The developed world is in the midst of a huge nosedive in genital warts and cervical “precancer” — all thanks to the human papillomavirus (HPV) vaccine. This simple shot trains the immune system to defend itself against HPV, a virus that causes genital warts and several types of cancer. Most sexually active people will be exposed to it in their lifetimes — it’s even been nicknamed the “common cold” of sexually transmitted infections.
Gardasil 9 protects against seven strains of HPV that collectively cause 90% of cervical cancers and anal cancers, plus the two HPV strains that are jointly responsible for 90% of genital warts. Vaccination also reduces the frequency of “precancers,” which are cellular abnormalities that can be treated before progressing into full-fledged cancer — meaning less time, money, and anxiety spent dealing with follow-up procedures and treatments.
The HPV vaccine is an anti-cancer vaccine.
The vaccine is safe and effective — and when we say “effective,” we mean it could lead to the eradication of HPV, and with it the cancers it causes. A recent analysis of 66 million vaccine recipients published in The Lancet points to plummeting rates of genital warts and precancer. Among teenage girls, there was an 83% drop in HPV-16 and HPV-18 infections (the two strains of HPV that together cause 70% of cervical cancers) — and cervical precancers were cut in half.
The most dramatic gains were made in countries that offered the HPV vaccine to both boys and girls. Additionally, there were even decreases in the HPV strains that aren’t covered by the vaccine — evidence of “cross-protection,” the phenomenon in which the immune system recognizes close relatives of the viruses it has been trained to attack. Even people who did not receive the vaccine were less likely to catch the virus, simply because their risk was reduced if their partners were vaccinated.
Here in the United States, although HPV vaccination isn’t as widespread as it is in many other developed countries, HPV infections are still declining. A study published in June showed a 78% decline in HPV infections among young women in their early 20s over a 10-year period — and only around two-thirds of them had ever been vaccinated.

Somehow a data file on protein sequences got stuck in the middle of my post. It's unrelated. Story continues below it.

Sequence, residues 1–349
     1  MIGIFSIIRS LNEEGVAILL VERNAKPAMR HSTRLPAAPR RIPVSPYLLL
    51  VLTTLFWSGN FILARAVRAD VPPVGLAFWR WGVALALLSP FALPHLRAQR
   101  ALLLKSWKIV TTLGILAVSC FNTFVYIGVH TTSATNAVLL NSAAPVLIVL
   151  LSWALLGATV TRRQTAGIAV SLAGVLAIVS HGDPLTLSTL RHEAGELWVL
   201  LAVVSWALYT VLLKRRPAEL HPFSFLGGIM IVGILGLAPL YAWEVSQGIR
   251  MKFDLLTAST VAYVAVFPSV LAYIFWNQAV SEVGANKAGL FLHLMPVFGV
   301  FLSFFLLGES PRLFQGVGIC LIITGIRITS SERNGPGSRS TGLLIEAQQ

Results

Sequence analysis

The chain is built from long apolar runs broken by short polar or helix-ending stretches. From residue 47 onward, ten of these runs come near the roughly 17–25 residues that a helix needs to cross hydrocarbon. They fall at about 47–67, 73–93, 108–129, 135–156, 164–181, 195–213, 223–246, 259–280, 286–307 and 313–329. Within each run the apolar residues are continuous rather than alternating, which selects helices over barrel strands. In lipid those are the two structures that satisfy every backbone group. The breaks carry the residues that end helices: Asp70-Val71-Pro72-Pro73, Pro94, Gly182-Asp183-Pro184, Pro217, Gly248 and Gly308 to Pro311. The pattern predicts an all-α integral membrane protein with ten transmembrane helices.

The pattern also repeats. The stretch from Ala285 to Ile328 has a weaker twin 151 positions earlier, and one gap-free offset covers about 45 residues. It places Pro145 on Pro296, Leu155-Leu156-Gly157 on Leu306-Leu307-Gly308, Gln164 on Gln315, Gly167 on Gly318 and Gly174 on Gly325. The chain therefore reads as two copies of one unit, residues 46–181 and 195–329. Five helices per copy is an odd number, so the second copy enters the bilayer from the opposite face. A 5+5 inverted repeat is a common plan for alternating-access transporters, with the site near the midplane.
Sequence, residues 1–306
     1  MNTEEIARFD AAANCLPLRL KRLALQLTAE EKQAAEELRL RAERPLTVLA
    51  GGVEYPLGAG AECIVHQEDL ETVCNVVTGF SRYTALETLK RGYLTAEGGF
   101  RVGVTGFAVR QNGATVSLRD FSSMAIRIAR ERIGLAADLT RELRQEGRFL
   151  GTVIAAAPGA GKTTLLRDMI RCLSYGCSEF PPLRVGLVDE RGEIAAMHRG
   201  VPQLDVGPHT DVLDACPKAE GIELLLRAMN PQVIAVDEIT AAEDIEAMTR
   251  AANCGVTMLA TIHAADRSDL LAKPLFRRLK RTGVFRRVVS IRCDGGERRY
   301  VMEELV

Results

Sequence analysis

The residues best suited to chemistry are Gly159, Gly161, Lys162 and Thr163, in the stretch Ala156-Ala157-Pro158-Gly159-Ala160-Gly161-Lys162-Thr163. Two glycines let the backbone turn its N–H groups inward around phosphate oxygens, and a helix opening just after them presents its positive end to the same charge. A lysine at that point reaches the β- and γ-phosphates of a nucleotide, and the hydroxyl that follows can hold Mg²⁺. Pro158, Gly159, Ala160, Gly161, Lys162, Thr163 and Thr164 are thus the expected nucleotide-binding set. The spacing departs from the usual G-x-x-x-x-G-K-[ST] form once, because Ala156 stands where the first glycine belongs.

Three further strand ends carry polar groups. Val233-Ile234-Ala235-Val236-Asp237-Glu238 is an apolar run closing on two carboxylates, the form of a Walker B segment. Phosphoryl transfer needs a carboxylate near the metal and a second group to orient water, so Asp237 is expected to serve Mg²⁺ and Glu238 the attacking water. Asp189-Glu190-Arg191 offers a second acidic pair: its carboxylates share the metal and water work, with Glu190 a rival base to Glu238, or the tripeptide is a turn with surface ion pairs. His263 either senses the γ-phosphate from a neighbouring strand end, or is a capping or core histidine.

A Gap in Access
There is a huge gap in access to lifesaving HPV vaccines, however. The Lancet study was conducted in wealthy countries — where most patients also have access to Pap testing, biopsies, and surgeries, all of which can detect and remove cervical precancers before they develop into cancer. (Though anyone who has had an abnormal Pap result can tell you that reducing the risk for precancer is nothing to sneeze at.)
Cervical cancer is still a top killer in developing countries, but the people who would benefit most from an HPV vaccine are less likely to have access to it. Currently, almost 90% of cervical-cancer deaths strike women in developing countries, where it is the second-most common cancer among women. While cervical cancer rates are holding steady in the developed world, in the coming decades they are projected to increase sharply in less developed regions. The antidote to that increase? Widespread deployment of the HPV vaccine.